Ever since Taiwanese banks were permitted in February to sell offshore investment products via their offshore banking units (OBUs), asset managers have been busy looking to get their funds on those distributors’ shelves.
HFT Investment Management’s offshore arm in Hong Kong is one such firm. “We’re in talks with a few Taiwanese banks on several of our [RQFII] products,” says Jelle Vervoorn, chief executive of HFT IM.
Like Hong Kong and Singapore, Taiwan is a market with a lot of institutions holding offshore renminbi that are interested in RQFII investment, he notes. He declines to name these firms or which banks HFT is talking to.
Taiwan had Rmb214.5 billion in RMB deposits as of January. Of that figure, Rmb48.7 billion is sitting in offshore banking units (OBUs), and the other Rmb165.8 billion is in domestic bank accounts.
One of the products under discussion for being sold via an OBU is the HFT China RMB Money Market Fund, which the firm will launch this month.
The product will invest at least 80% in onshore money market instruments and up to 20% in offshore ones. It has a capacity of Rmb1.25 billion, comprising Rmb1 billion RQFII quota and Rmb250 million in offshore investment capacity. The fund will not hedge the currency risk, taking the view that the renminbi will continue to strengthen.
The target annualised yield for the MM fund is 4–4.5% after fees based on current market conditions, says Vervoorn. Onshore Chinese MM funds, such as Yu’e Bao, are heavily invested in negotiable deposits offered by banks and can offer a seven-day annualised yield above 5%.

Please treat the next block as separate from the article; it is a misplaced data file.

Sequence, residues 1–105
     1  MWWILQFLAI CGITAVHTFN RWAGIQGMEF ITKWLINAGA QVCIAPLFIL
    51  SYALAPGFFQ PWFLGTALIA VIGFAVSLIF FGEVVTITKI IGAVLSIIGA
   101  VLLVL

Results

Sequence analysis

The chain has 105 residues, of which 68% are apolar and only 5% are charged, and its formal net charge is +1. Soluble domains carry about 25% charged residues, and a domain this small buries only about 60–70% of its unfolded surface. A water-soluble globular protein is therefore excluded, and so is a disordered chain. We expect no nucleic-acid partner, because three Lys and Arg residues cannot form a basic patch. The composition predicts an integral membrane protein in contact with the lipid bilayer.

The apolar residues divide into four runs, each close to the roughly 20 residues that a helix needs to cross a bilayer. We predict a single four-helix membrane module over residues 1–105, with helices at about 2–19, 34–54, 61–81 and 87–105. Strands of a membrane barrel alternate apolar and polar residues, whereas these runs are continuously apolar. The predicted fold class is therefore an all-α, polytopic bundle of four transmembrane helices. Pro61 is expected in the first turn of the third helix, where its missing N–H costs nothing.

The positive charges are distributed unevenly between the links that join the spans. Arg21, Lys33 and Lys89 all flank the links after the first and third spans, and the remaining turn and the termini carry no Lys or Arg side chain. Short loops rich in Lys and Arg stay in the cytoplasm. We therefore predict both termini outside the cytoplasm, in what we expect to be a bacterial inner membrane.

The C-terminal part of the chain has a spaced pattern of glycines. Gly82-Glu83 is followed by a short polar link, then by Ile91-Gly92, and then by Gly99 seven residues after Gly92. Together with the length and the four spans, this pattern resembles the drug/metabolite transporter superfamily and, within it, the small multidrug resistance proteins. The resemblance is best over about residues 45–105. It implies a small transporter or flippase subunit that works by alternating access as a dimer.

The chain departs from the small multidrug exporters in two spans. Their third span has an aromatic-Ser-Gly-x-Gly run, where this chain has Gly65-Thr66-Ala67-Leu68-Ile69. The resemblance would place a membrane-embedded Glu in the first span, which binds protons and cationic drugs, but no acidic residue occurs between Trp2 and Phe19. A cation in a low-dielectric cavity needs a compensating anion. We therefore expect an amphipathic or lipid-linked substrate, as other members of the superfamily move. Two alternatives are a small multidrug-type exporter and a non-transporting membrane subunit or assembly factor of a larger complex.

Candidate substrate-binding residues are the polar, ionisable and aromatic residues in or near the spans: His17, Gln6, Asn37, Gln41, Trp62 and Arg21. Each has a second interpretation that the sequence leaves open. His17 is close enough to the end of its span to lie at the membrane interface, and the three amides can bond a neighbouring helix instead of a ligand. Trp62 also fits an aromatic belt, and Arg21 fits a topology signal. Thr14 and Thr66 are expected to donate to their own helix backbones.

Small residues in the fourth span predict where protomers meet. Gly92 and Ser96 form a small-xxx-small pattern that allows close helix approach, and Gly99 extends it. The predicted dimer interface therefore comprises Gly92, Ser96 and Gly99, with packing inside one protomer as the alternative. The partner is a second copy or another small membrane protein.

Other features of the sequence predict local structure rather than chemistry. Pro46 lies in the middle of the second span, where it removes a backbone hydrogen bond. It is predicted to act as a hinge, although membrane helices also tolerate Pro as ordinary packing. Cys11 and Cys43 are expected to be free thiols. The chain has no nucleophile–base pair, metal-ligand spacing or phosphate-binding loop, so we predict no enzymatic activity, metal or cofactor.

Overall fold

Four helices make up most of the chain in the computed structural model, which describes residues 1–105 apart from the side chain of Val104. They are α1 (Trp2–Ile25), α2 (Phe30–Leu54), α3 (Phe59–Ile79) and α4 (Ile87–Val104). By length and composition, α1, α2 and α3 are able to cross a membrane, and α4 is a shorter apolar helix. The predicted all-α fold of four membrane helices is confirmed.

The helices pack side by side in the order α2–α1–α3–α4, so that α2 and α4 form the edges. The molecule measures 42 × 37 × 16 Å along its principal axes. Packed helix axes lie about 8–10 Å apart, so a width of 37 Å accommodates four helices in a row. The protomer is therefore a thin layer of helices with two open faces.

That is because the underlying is different, says Vervoorn. “We want to invest in underlyings that international investors understand and which look like money market funds in other countries.” Hence HFT’s MM fund will mainly invest in short-term debt securities and MM instruments issued in China.
Once HFT’s MM fund gained approval from Hong Kong’s Securities and Futures Commission in February, there was demand from asset owners such as private wealth clients and fund of funds holding RMB. Most interest came from Asia, but there was some from Europe, including from corporate clients holding offshore RMB, notes Vervoorn.
Taiwan’s Financial Supervisory Commission announced new rules in February lifting the restrictions on types of investment products available to non-resident investors in Taiwan. As such, bank OBUs can offer clients offshore investment products, such as mutual funds registered outside Taiwan and RMB-denominated offshore funds.
Citibank Taiwan, for instance, has put 26 offshore funds, including RQFII products, on its OBU platform. The first batch of partners includes Allianz Global Investors, China Asset Management (Hong Kong) and Value Partners.